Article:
Initially this was a temporary fringe benefit. Now, however, the expanded CARES Act extends this provision until Dec. 31, 2025. The $5,250 cap applies to other educational assistance, such as tuition, fees and books, and employer repayments of student loans. Employers can make payments either directly to an employee or to a lender.
If you are employed, review your employee benefit booklet, typically available online. Since employees are often unaware of these benefits, it is important you take the steps to request the benefits information to identify these opportunities. You could save yourself over $5,000!
5. Charitable Donations For Non-Itemizers
The new stimulus package also included other provisions to encourage taxpayers to donate to charitable causes. In addition, in contrast to the CARES Act, there is no more marriage penalty and now a married couple filing jointly can deduct $600 (instead of the previous $300). Single taxpayers can write off donations up to $300. This is available to taxpayers who take the standard deduction of $12,400 for single people and $24,800 for married couples. (5) This extension is for 2021 only.
There will more than likely be another stimulus package passed by the Democrats in March and possibly an Infrastructure bill sometime this year. This will be another busy year of new laws and regulations that will more than likely affect us in one way or another. We will continue to keep you updated on all of the important news, both financially and economically that you should know about!
We’re Here To Help
There are thousands of pages of the new stimulus bill that can affect you or your business. Feeling overwhelmed? We can help. Call our office at 770-552-5968 or email firstname.lastname@example.org. Or, if you prefer, you can simply click here to schedule an appointment online.
Matthew Gaude is an *investment advisor representative and the co-founder of Live Oak Wealth Management, a financial services firm in Roswell, Georgia. He serves the planning and investment needs of corporate employees, those approaching or in retirement, and 401(k) plan sponsors. Working first as a commodity broker and then as a Business Development Manager for a national broker-dealer in previous jobs, he has the insight and experience to help clients understand the complexities of the market and implement strategies to minimize risk. To learn more about Matthew, connect with him on LinkedIn or visit www.liveoakwm.com.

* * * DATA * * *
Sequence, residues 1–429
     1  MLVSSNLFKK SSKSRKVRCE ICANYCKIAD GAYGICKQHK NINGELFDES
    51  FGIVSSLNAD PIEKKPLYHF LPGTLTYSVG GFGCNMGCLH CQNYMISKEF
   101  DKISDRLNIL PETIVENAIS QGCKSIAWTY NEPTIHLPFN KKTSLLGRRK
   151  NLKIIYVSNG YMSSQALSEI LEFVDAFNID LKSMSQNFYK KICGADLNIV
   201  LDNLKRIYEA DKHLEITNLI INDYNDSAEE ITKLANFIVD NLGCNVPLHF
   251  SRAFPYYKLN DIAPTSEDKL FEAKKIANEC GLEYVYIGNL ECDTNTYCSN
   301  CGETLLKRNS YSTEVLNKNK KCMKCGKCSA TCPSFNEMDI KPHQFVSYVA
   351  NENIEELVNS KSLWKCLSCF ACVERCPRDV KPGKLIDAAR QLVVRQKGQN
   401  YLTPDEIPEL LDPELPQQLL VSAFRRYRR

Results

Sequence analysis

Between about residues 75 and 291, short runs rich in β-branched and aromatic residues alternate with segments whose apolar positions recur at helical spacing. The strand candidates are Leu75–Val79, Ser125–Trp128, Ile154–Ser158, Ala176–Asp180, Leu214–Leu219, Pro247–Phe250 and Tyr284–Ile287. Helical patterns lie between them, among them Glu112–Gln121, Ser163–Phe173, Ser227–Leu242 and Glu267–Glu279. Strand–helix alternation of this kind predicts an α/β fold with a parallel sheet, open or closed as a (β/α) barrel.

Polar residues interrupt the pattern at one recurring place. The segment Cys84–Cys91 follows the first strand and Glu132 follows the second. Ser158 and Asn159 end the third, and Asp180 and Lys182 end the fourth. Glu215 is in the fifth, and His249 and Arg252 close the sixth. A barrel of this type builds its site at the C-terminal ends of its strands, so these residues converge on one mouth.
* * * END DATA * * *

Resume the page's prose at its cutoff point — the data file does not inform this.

Shawn McGuire is a financial advisor and the co-founder of Live Oak Wealth Management, a financial services firm in Roswell, Georgia. He serves the planning and investment needs of corporate employees, those approaching or in retirement, and 401(k) plan sponsors. He has worked in financial services since 2002 in positions ranging from financial advisor to stock broker and portfolio manager. As a CERTIFIED FINANCIAL PLANNER™ professional, he is trained to help clients with virtually all their financial needs. To learn more about Shawn, connect with him on LinkedIn or visit www.liveoakwm.com.
Securities offered through American Portfolios Financial Services, Inc., member FINRA/SIPC. Investment advisory services offered through *American Portfolio Advisors, Inc., a SEC Registered Investment Advisor. Live Oak Wealth Management, LLC is independently owned and not affiliated with APFS or APA.
Any opinions expressed in this forum are not the opinion or view of American Portfolios Financial Services, Inc. (APFS) or American Portfolios Advisors, Inc. (APA) and have not been reviewed by the firm for completeness or accuracy. These opinions are subject to change at any time without notice. Any comments or postings are provided for informational purposes only and do not constitute an offer or a recommendation to buy or sell securities or other financial instruments. Readers should conduct their own review and exercise judgment prior to investing. Investments are not guaranteed, involve risk, and may result in a loss of principal. Past performance does not guarantee future results. Investments are not suitable for all types of investors. Seek tax advice from a tax professional.